Dr Lim Boon Leng, a psychiatrist at Gleneagles Hospital, says there has been research that shows meditation or mindfulness therapy can improve the regulation of emotions. “The amygdala, the part of the brain that is associated with fear or anxiety, is less activated following mindfulness therapy,” he says.

Siblings Leon and Isabel Loh agree that practising mindfulness has helped them in anxious or frustrating situations. To calm down before his Chinese oral examination, which he is not that confident about, Leon, nine, says he does starfish meditation beforehand, in which the fingers are spread out like a starfish on one hand. He concentrates on using a finger from the other hand to trace the “starfish”, focusing on breathing in and out.

Isabel, seven, says: “You don’t feel so stressed if your friend fights with you. You take three breaths and you know you shouldn’t say anything bad back to her.”

Dr Sam Han, a sociologist at Nanyang Technological University, says mindfulness practices in offices and schools around the world “promise a kind of restoration when people are exhausted and feel pressure to be more productive”. However, he says the focus on mindfulness seems to place the burden of stress reduction “on the individual as opposed to institutions in society”.

When it comes to removing sources of stress in the workplace or in the education system, for instance, there are many stakeholders who should be involved in addressing such “multi-faceted” problems, he says. “While mindfulness gives students another resource to deal with this, it should be a leg of the chair and not the whole chair,” he says.

There are other precautions when it comes to teaching mindfulness, especially to children. Dr Gregor Lange, deputy director, head of learning and development at National University of Singapore’s Centre for Future-ready Graduates, says mindfulness teachers should not sell their services as “a panacea for all problems”.

“It is important to understand the limitations. For instance, children with Asperger syndrome, ADHD (attention deficit hyperactivity disorder) or other behavioural or mental-health issues should be referred to psychologists or psychiatrists for an assessment,” says the trained psychologist.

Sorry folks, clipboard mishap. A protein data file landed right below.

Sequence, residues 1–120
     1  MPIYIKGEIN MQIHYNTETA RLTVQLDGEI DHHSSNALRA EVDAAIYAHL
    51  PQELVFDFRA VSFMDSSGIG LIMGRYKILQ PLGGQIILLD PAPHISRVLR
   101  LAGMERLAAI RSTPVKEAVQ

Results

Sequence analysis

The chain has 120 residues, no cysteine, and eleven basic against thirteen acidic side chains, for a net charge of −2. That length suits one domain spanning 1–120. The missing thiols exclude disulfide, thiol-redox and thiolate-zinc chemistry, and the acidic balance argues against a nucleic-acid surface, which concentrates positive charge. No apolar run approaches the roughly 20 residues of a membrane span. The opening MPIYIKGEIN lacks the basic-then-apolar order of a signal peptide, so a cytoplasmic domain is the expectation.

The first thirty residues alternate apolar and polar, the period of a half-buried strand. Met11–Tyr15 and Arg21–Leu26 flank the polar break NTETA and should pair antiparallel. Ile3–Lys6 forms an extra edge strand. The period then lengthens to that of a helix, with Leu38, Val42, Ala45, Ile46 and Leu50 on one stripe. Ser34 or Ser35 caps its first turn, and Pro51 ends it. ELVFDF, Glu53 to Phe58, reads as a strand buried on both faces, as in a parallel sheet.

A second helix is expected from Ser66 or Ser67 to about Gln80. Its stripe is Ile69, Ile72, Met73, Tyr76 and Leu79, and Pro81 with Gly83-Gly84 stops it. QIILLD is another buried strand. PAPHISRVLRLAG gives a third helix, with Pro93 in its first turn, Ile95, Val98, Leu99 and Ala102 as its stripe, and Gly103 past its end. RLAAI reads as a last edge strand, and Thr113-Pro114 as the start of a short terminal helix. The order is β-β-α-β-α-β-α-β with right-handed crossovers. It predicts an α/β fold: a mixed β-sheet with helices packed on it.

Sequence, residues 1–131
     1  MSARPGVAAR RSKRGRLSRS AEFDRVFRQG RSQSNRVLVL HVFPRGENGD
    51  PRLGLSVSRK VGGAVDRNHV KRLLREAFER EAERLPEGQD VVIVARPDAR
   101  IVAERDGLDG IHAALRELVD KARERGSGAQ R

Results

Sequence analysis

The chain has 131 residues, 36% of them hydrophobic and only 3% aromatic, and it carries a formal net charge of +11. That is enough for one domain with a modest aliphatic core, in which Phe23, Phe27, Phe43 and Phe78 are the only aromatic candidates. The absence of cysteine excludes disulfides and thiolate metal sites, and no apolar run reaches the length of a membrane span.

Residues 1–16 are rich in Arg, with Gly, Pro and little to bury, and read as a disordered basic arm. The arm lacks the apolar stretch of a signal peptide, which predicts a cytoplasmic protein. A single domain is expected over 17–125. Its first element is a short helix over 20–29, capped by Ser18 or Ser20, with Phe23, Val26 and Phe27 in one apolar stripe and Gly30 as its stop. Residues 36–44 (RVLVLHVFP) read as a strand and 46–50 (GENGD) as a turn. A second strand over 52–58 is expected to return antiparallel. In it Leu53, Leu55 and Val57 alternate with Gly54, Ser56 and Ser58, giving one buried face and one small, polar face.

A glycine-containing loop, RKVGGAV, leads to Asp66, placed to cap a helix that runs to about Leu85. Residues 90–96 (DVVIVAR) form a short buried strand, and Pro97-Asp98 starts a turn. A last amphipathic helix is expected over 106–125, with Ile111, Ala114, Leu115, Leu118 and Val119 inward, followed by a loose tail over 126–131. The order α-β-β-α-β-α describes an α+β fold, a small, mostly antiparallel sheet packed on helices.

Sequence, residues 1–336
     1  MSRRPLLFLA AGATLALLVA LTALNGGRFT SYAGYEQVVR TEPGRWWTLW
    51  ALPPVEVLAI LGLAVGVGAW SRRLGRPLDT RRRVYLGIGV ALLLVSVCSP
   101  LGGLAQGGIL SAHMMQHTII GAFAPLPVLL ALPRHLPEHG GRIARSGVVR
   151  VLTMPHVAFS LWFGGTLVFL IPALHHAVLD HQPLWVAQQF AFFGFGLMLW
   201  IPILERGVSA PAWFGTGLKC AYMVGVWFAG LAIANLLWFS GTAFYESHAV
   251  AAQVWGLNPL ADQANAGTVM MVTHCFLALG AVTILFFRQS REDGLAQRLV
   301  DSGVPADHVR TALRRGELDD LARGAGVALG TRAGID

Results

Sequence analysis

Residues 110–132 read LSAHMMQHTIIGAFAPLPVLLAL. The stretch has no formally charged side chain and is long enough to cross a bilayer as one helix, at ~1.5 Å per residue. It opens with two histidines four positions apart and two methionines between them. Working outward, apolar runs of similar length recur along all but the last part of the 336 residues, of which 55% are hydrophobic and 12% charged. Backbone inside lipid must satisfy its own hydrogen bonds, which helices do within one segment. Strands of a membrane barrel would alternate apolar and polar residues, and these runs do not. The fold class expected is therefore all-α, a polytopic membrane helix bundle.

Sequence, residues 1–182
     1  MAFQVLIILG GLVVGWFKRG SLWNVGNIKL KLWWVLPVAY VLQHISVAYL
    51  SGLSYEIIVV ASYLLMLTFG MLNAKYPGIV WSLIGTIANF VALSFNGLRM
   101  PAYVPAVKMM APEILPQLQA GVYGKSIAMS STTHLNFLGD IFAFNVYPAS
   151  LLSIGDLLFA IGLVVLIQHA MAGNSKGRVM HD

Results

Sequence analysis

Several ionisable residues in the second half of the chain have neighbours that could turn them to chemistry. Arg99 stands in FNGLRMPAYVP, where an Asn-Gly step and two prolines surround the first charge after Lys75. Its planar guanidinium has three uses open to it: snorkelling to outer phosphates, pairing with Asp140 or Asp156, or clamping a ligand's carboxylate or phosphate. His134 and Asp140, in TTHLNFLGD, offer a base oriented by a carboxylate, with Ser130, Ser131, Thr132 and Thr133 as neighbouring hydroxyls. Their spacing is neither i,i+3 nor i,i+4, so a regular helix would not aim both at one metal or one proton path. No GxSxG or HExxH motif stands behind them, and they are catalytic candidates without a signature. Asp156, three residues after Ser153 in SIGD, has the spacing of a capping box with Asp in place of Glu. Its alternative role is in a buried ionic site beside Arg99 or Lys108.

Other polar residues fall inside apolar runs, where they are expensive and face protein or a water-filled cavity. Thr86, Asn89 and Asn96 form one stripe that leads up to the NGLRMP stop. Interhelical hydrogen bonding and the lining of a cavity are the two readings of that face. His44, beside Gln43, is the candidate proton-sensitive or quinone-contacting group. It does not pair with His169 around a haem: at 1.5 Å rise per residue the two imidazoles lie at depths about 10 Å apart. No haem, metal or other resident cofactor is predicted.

Dr Lim says it is advisable to seek professional help if one has mental illness such as depression, in which the treatment has to be tailored to the individual. Parents who enrol their children in mindfulness programmes sometimes take up mindfulness training too.

Ms Angie Chew, executive director and principal mindfulness trainer at Brahm Centre, which promotes happier and healthier living, says: “If children learn mindfulness on their own, it is hard for the impact to be sustainable if the parents provoke them by nagging or always talking down to them.

“Parents need to practise mindfulness just as much as the child. You can’t expect the child to be calm if the parent is always kancheong (a Singlish term for uptight and anxious).”

Since their family of four took a mindfulness workshop together last year, Leon and Isabel have been practising breathing and other mindfulness techniques with their parents, stay-at-home mum Lim Yu Lin, 39, and Mr Loh Sze-Wei, 43, a manager in the oil and gas industry. Ms Lim says mindfulness helps them appreciate simple pleasures, such as having dinner together.

She adds: “I wanted us to communicate better as a family, with more impulse control. We still get mad… but at least we understand there’s a better way to deal with it.”

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Singapore Kids Use Meditation To Cope With School Stress